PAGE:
Monday, January 29, 2007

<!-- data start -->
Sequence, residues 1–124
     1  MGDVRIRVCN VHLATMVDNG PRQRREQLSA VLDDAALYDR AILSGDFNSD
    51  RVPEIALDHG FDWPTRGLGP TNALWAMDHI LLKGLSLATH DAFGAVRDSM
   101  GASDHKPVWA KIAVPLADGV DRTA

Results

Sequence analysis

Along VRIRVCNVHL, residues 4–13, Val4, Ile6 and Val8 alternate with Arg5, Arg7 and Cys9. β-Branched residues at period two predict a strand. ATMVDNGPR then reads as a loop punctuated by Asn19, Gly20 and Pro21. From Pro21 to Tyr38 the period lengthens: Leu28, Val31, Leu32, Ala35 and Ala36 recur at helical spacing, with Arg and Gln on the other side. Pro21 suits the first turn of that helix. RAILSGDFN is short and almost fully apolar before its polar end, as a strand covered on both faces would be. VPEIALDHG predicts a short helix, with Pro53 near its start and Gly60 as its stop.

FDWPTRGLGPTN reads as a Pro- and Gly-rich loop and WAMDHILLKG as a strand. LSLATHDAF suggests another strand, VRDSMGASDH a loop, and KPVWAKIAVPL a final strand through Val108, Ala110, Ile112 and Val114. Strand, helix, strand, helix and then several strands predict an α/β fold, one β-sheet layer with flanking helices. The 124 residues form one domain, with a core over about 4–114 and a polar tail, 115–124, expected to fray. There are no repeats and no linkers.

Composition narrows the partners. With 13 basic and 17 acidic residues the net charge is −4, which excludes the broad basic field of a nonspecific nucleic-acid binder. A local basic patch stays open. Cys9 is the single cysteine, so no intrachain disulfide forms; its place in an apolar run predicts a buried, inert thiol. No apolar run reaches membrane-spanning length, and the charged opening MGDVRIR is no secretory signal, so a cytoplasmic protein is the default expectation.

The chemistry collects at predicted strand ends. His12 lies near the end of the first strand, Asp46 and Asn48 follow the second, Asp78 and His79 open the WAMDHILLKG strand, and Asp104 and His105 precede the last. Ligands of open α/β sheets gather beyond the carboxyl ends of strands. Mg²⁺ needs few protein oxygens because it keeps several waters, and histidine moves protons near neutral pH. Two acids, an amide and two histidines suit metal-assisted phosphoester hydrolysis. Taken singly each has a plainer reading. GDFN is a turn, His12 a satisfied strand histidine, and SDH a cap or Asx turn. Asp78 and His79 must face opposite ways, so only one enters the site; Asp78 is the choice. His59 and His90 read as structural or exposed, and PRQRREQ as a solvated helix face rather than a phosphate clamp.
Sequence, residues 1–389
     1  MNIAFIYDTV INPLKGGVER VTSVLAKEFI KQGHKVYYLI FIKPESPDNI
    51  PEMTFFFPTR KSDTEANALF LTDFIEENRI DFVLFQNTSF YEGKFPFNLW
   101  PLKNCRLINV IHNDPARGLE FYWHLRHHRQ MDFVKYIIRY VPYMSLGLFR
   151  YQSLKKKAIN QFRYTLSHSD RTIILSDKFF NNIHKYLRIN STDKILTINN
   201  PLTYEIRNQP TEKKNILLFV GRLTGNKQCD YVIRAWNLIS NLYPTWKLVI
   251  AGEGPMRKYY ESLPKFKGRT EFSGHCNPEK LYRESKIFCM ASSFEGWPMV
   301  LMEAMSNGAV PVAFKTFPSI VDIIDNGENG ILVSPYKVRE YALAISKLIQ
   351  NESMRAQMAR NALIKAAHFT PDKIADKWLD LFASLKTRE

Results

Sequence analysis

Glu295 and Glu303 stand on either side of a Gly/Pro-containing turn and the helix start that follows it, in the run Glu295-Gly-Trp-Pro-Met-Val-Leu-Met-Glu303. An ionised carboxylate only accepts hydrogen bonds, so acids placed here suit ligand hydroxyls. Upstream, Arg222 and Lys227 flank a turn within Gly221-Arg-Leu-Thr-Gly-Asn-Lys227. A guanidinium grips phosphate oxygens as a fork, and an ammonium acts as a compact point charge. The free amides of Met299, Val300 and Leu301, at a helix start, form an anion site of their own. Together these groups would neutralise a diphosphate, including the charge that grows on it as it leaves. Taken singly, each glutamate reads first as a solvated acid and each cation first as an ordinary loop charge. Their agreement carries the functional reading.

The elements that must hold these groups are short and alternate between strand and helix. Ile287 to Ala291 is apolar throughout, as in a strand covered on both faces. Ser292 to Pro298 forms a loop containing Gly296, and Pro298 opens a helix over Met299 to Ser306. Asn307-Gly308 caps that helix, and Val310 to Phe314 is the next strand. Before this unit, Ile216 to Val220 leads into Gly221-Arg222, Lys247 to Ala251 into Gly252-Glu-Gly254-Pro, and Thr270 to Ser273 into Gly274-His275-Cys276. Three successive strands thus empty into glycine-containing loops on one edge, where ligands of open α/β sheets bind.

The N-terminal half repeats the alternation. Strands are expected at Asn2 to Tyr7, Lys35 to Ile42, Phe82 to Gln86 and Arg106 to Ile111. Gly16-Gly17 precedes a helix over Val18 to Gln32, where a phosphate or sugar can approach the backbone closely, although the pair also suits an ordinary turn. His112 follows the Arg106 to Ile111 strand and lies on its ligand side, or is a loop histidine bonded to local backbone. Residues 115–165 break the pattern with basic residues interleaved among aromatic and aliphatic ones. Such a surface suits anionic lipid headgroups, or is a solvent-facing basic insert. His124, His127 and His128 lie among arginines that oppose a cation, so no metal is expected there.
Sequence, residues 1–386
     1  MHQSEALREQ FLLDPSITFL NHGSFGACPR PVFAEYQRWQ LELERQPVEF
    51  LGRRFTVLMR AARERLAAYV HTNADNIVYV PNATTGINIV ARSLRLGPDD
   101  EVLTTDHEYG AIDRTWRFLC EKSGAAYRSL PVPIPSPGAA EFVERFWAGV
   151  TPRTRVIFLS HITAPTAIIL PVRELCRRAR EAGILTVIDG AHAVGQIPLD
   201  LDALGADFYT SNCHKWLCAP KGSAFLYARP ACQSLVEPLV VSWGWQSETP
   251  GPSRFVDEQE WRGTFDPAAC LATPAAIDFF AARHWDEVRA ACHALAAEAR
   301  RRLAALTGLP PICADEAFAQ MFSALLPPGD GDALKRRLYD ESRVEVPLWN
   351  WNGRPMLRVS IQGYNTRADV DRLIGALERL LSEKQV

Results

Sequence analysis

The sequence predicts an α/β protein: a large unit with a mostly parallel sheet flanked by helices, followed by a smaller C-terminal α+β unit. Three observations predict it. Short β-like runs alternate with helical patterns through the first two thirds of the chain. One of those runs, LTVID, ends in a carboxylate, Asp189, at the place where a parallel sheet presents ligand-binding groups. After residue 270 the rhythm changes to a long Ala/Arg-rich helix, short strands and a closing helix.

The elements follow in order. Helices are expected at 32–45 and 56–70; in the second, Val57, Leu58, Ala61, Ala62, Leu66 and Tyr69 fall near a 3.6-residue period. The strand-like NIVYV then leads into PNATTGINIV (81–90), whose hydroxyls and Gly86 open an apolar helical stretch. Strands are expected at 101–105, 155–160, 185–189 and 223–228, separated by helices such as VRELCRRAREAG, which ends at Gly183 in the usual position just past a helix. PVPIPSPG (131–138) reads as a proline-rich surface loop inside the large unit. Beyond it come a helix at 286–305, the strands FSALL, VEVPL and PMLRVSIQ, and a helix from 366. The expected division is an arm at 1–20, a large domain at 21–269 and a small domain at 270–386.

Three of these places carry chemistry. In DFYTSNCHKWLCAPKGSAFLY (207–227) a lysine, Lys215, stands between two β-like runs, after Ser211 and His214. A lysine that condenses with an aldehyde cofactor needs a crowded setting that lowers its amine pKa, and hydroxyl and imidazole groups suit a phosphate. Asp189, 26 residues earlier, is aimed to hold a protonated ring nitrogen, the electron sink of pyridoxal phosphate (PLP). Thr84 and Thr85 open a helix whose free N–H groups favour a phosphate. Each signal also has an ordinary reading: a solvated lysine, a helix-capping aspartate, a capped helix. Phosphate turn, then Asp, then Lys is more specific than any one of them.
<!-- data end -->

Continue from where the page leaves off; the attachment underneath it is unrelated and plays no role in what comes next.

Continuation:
Years ago, I saw an interview with David Hockney, conducted by Melvyn Bragg, in which Hockney, a compulsive snapper, argued why he thought painting was superior to photography.It was a matter of time. A camera was the perfect means to capture a so-called decisive moment but the resulting print, no matter how well composed, no matter how engaging the subject matter, was only a 'surface' experience. A micro-second frozen, there were no layers of time for the viewer to explore in the same way as a painting. Created over days or weeks, with several, different-aged layers of paint adhering in varying densities on – and in – the canvas, there was a literal and metaphysical depth to a painting. Relatively new, more 'instant' media, such as photography (let alone digital imaging) just couldn't compare.I was reminded of this as I watched Hockney being interviewed by the Australian critic, Robert Hughes, in Hughes' TV documentary series, The New Shock Of The New. Hughes made an impassioned argument for a return to the artisan skills of painting and to what he called "slow art" as opposed to the media-friendly, industrially-manufactured, conceptual game-playing of artists like Jeff Koons and Damien Hirst – "Fast art, like fast food!". Hughes wasn't against all conceptual art but like the painter, Sean Scully, whom Hughes also interviewed, he expressed discomfort with the idea of art as an extension of entertainment. Scully railed against the increasing influence of TV advertising, graphic design, and mass-market movies on art's content and techniques. Art, to Scully's and Hughes' minds, should be higher-minded.